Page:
Proposal to be considered June 12 by City Council
BY KEVIN BONESKE
For the second time this year, Rhinelander’s Parks, Buildings and Grounds Committee has forwarded a recommendation to the full City Council to allow a dog park to be placed in one of the city’s parks.
The committee, which in January first favored having the dog park being located on the south end of Pioneer Park before that proposal was rejected at February’s City Council meeting on a 5-3 vote amid concerns about the dog park being in close proximity to city residents and negatively affecting Pioneer Park, voted Monday to recommend that the dog park be established at Shepard Park.
Tina Werres, who has been involved for around 10 years in the effort to build a dog park in the Rhinelander area, appeared Monday before the committee to present the latest plans for creating the park, which would initially involve putting up two fenced areas in Shepard Park near Boyce Drive to separate the large and small dogs allowed in those areas without a leash with the possibility of later fencing in another triangular area by the wastewater treatment center for a “throwing field.”
Werres first presented plans for the Shepard Park site at the committee’s February meeting and Monday provided additional information the committee requested for placing a dog park to be known as “Hodag Paw Park” at that location.
“The majority wants this, the site is the right location, financing is in place – we have the money…and the plans are ready,” Werres said.
Establishing a dog park at Shepard Park, Werres said, would be at no cost to the city.
“Once the dog park is built, there is no additional maintenance that needs to be done,” she said. “The fence should last a million years. The sign should last as long as any other sign the city parks put in.
“We’re not creating a monster here. We’re not creating any expense. (Parks director) Jeremy (Biolo) already mows that area, he already plows that area (and) he already cleans that area.”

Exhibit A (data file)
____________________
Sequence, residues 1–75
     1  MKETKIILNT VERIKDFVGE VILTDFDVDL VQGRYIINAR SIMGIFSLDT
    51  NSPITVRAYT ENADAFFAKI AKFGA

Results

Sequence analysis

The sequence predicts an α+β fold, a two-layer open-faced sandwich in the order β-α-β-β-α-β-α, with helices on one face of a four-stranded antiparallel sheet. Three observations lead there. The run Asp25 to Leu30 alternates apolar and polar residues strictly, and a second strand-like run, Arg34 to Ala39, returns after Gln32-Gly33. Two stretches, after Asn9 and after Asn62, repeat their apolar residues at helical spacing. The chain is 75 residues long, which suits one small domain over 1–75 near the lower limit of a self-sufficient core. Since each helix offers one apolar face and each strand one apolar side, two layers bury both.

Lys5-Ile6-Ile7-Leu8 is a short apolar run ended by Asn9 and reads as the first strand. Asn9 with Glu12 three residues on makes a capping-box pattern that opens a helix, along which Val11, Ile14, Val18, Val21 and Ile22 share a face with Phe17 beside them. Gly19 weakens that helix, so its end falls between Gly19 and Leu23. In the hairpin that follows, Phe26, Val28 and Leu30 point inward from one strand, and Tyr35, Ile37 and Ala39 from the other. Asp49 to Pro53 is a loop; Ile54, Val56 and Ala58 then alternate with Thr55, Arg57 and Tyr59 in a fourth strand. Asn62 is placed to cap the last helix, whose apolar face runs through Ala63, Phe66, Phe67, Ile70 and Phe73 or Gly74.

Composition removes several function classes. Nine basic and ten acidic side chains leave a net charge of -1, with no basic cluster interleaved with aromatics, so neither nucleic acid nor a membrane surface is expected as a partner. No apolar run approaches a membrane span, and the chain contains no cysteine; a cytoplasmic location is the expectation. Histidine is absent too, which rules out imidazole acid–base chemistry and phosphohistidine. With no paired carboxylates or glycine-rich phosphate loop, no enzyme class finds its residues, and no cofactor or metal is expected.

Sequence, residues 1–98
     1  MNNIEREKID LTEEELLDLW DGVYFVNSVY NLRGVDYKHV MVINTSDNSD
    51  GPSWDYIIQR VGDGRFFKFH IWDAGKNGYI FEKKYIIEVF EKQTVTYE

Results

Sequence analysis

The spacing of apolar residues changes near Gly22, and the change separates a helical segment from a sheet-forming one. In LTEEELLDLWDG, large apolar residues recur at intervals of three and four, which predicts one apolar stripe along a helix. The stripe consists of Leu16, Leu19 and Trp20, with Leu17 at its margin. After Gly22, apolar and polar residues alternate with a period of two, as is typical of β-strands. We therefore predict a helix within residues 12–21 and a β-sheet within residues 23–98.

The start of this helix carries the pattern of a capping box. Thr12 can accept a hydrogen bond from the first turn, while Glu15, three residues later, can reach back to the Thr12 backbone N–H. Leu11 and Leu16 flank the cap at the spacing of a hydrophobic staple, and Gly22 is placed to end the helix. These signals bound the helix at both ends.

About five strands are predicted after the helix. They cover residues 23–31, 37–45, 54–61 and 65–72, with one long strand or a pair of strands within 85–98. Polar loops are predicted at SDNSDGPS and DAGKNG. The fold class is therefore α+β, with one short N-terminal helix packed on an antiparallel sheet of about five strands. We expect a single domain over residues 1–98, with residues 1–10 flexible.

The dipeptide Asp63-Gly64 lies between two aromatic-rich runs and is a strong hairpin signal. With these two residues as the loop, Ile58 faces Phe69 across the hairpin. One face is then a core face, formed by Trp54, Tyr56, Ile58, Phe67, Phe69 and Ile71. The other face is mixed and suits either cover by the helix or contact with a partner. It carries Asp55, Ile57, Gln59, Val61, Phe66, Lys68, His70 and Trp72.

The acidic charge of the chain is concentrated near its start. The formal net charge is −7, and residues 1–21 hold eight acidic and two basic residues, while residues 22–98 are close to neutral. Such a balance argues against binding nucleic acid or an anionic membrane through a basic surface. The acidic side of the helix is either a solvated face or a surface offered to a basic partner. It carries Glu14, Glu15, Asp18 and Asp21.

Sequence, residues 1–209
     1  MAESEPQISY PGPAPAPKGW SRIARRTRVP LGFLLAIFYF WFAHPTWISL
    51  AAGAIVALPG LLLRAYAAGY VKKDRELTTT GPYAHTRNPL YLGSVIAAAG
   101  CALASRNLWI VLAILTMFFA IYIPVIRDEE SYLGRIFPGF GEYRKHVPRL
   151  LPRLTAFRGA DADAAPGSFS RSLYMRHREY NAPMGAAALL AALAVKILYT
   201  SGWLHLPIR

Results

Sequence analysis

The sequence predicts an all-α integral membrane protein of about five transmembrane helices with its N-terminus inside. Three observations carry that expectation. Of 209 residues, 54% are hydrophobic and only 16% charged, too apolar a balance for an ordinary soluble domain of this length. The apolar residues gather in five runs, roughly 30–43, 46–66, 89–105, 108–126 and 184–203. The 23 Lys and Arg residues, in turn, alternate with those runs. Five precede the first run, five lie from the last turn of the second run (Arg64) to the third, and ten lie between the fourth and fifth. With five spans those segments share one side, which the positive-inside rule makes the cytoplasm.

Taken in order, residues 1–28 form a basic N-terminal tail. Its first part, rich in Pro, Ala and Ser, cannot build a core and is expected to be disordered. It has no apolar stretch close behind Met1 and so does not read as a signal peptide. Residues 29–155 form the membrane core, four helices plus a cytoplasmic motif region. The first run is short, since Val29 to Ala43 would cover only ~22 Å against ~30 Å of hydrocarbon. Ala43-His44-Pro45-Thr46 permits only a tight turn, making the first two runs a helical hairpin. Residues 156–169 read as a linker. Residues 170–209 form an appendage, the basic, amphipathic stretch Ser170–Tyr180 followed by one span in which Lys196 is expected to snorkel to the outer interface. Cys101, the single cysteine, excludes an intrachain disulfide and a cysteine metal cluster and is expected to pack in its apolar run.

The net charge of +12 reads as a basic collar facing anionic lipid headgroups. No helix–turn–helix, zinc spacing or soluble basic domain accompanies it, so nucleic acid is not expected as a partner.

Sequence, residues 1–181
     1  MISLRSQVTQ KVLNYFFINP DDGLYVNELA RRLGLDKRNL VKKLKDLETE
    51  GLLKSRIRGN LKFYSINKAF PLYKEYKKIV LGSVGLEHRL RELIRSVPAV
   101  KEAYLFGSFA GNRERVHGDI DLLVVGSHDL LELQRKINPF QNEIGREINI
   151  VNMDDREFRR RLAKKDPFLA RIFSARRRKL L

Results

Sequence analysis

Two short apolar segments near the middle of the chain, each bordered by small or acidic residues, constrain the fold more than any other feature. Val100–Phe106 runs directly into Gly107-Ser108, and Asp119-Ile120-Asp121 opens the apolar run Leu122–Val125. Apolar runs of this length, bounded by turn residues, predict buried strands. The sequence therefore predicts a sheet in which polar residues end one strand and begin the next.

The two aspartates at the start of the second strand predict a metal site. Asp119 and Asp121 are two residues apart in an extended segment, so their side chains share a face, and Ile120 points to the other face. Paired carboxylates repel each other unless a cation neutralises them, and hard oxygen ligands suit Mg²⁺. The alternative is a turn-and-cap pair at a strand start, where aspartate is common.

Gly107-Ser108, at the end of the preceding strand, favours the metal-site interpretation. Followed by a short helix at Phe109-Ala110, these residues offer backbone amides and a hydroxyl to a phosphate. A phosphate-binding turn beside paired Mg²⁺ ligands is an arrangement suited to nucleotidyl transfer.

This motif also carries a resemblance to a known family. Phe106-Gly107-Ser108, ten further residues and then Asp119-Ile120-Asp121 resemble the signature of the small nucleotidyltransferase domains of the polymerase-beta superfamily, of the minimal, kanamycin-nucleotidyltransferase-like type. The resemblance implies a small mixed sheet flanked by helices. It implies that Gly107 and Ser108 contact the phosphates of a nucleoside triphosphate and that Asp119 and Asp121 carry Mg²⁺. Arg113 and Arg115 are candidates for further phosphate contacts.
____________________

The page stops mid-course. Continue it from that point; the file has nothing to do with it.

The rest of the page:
A price quote from American Fence Company that Werres provided to the committee places the cost of installing black chain-link fencing five feet high around the two areas for dogs near Boyce Drive at $18,625. However, Werres noted the total dollar amount for constructing the dog park isn’t known at this point.
“We can give you the fence quote, but we can’t quote everything at this time,” Werres said.
To give the dog park the financial backing it needs to become reality, the project has received a commitment from Drs. Foster and Smith to help fund the project. Craig Catlin, a merchandise manager with Drs. Foster and Smith, also appeared at Monday’s meeting and spoke about the company’s plans to help construct and maintain the dog park.
“We have a commitment as Drs. Foster and Smith, being one of the large employers in the county, we are not going let the park fall into disrepair,” Catlin said. “What we’re going to do is – there’s initial up-front costs, big up-front costs – we’re willing to assist Tina’s group with funds they already have to bring (the dog park) to fruition.
“Any maintenance, normal wear and tear, normal upkeep, annual upkeep, we’re not just going to write a check and walk away. We’re there to make sure it is maintained. If we have our name on it, we’re going to make sure it’s a properly run dog park – rules, regulations, maintenance, fencing – anything to be successful. We’re in it for as long as we need to be there.”
Committee chairperson Sherrie Belliveau, who called the dog park backers’ efforts to gather more than 800 signatures from Oneida County residents on a petition in support of the project “an incredible feat,” said she has received nothing but positive comments on the proposal to establish a dog park at Shepard Park.
The committee’s recommendation that passed on a voice vote to allow the dog park there will be considered for possible final approval at the City Council’s June 12 meeting.